Versatile Ryan adapted well to changing role of ’keeper

Razor-sharp with the placed ball and a keen eye for raising the green flag, Shane Ryan stands as Rathmore’s top-scorer in this season’s club championship.

Versatile Ryan adapted well to changing role of ’keeper

Tomorrow afternoon you’ll find the 6’4 footballer in a very different guise.

Despite holding the club’s number 15 shirt, Ryan will line out between the sticks in the curtain-raiser at Croke Park. Versatile is putting it very mildly.

The Rathmore youngster maintains his role has always been an outfield one as far as the club is concerned, a Killarney Celtic coach realising Ryan’s goalkeeping potential a number of years back.

Kerry minor manager Jack O’Connor also saw fit to utilise him at the other end of the field and he has only conceded five goals in five outings this summer, while also contributing on the scoreboard in all but one of their games en-route to the final.

What started out as a summer soccer camp trial has lent itself to a fledgling inter-county career. “With my club all the way up along I played outfield. It was only when I started playing soccer in the camps during the summer that I was put into goal. It was only supposed to be a kind of a trial thing,” recalls the Kerry minor captain.

“One of the coaches asked me to come and play with Killarney Celtic. I decided to give it a go and played with them for three seasons. It went well and I played soccer for Kerry in the Kennedy Cup. That transferred onto the GAA field when I was put in goal for the South Kerry U14 development squad. I have been stuck there ever sense.

“Playing outfield for Rathmore has helped me big time in developing as a goalkeeper. When you play outfield you handle so much ball so your handling skills are obviously much better than if you were confined to goal all day long. As a forward you see a lot of ball but are in pressure situations and have to make quick decisions. That benefits me hugely when wearing number 1. Also the fact that you learn to kick with both legs helps when you are caught in a tight situation in goal, you can get out of it easier when you are competent with both feet. It gives you confidence that if you can survive out the field you can survive on the line.”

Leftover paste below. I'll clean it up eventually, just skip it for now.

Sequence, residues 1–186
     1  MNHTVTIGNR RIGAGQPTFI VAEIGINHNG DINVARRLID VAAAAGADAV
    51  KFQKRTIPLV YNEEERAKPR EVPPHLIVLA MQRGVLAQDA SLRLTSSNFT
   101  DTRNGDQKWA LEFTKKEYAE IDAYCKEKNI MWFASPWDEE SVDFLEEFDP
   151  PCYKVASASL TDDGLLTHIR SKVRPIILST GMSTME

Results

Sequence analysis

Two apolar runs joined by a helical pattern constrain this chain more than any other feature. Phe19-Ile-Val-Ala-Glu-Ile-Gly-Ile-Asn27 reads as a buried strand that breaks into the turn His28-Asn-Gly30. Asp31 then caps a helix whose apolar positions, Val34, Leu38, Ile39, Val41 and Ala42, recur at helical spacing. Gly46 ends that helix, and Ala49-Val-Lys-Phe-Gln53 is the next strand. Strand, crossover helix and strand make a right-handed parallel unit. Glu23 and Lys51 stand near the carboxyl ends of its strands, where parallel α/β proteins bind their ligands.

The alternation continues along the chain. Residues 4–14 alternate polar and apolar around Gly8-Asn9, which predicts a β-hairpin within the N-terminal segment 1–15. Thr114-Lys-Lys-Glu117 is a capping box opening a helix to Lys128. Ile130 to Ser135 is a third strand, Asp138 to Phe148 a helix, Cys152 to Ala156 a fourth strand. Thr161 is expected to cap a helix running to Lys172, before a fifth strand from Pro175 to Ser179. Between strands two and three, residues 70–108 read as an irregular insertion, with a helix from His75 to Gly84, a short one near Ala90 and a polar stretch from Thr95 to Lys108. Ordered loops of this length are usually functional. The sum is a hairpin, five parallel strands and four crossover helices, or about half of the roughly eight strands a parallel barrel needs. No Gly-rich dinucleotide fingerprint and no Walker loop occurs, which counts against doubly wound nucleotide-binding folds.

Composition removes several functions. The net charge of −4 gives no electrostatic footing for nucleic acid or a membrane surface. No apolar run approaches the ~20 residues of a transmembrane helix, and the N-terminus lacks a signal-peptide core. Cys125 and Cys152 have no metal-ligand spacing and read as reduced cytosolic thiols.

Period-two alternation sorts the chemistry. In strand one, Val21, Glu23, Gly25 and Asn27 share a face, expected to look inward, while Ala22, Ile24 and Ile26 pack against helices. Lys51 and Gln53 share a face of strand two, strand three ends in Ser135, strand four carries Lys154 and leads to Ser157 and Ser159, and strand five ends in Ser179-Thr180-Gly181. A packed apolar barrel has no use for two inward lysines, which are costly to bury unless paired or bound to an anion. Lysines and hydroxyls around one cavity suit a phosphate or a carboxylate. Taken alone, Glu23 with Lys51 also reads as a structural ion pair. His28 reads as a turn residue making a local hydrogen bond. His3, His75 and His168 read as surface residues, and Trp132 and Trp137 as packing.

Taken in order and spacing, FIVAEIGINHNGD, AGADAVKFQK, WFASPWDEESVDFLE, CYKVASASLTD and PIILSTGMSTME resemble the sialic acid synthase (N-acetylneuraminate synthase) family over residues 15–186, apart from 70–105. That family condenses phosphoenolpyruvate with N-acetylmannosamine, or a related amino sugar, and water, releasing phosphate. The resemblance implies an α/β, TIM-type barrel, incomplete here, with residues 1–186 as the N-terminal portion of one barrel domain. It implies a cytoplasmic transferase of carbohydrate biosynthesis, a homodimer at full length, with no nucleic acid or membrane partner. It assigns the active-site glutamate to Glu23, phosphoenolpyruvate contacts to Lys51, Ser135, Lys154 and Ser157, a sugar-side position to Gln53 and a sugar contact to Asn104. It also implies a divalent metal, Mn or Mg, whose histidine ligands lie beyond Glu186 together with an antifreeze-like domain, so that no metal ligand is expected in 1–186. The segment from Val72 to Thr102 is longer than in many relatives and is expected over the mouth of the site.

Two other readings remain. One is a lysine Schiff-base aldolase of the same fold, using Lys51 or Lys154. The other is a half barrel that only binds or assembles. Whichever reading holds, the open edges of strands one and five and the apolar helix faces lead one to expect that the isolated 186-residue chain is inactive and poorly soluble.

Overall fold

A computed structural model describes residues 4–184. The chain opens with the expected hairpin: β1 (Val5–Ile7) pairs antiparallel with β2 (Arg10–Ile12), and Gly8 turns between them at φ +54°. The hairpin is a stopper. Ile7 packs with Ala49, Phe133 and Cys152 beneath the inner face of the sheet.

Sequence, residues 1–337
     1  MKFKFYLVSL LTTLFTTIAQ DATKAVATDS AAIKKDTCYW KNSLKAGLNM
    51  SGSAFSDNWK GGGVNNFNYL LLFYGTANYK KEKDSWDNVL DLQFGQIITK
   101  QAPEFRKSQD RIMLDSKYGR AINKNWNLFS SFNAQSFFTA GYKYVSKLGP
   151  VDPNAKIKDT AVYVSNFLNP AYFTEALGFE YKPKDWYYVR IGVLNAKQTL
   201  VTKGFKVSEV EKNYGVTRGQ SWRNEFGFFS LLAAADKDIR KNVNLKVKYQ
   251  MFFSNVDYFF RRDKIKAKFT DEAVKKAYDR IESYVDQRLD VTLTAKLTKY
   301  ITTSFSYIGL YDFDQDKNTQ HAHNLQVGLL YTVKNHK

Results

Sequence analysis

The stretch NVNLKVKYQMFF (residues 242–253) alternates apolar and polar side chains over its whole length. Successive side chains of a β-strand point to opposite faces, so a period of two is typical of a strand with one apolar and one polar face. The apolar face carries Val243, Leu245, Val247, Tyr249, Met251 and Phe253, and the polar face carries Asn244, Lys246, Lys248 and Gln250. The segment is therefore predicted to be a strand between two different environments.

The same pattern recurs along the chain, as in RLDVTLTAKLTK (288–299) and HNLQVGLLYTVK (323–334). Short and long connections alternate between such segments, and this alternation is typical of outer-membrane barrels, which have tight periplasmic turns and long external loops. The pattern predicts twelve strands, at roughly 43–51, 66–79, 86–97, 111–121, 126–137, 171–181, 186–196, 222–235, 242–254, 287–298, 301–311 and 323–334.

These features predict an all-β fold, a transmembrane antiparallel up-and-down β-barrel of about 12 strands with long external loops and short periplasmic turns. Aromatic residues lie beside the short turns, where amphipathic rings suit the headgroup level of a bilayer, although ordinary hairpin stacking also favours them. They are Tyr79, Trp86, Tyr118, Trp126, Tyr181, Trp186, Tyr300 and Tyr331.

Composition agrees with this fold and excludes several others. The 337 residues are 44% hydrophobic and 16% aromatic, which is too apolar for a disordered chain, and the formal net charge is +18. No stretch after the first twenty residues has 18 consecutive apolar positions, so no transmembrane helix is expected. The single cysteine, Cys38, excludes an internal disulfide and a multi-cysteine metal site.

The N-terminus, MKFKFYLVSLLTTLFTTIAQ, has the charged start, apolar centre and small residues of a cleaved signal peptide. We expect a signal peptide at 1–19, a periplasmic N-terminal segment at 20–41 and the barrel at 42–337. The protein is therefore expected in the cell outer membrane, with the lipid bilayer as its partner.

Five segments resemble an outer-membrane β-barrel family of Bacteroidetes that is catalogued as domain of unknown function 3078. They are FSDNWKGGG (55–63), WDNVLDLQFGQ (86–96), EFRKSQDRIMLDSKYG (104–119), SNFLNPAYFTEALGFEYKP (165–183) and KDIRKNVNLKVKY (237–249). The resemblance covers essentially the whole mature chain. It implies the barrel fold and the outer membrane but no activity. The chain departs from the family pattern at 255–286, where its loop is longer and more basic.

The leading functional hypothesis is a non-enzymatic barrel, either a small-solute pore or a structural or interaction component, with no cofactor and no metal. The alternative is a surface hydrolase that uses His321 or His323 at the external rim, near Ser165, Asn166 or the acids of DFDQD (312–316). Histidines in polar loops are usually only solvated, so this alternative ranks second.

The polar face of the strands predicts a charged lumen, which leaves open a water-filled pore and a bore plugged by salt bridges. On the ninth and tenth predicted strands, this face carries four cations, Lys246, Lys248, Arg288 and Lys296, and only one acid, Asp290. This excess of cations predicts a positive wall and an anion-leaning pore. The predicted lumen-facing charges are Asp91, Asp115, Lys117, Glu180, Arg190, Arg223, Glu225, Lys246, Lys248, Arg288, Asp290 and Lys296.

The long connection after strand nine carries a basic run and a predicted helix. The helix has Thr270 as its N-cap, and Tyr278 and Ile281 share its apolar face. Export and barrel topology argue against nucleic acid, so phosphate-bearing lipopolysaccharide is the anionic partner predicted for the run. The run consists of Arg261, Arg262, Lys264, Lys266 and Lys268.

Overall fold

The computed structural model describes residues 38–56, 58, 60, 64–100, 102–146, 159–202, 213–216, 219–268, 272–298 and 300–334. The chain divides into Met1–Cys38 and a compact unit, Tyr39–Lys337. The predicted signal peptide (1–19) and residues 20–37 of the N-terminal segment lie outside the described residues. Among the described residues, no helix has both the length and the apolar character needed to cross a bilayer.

Above everything else, however, time spent at corner-forward has enabled Ryan to adapt to the changing role of a goalkeeper. A student of Stephen Cluxton and Paul Durcan, Ryan insists being an excellent shot-stopper no longer defines the modern day custodian. “Goalkeeping has changed dramatically in the last ten years compared to when I was watching Diarmuid Murphy as a child. Nowadays, a goalkeeper is expected to pick out a man 40 yards away and put the ball into his chest. The game has changed so much that now a goalkeeper has nearly to be more skilful than an outfield player from the ground. Moreover, it’s in every goalkeeper’s agenda now to be hitting 45s.

“As regards the kick-outs, there are two elements, distance and accuracy. Even when playing outfield with the club you would still practice the frees off the ground. It’s a skill you have to keep in touch with and practice, you can’t let it go for a certain amount of weeks. You have to keep sharp.”

So, which does end of the field does he prefer?

“When it comes to big match days you just want to be involved in the action. You don’t care where you play. You see the hype about the place, you just want to be involved in an inter-county set-up and even though the intensity of the matches is outfield, when you are in goals you are able to take it all in. You can’t do that playing outfield. So I am happy to play in goal, happy to be part of this minor team.”

Six members of O’Connor’s starting team experienced All-Ireland glory at GAA HQ with Pobalscoil Chorca Dhuibhne this spring, but the captain believes nothing will prepare them for the cauldron of noise they will encounter tomorrow.

“I suppose most of us would not have played in front of more than four or five thousand before, except for the Munster final. Croke Park is daunting and it is more daunting for younger players because it is where you dreamed of playing all your life.

“Suddenly you are here, standing on the hallowed turf, and it can pass you by unless you grasp the occasion and savour it. But I think we got rid of any nerves in the semi-final. We got rid of the cobwebs as it were and we now look forward to the final. Hopefully we can enjoy it.”

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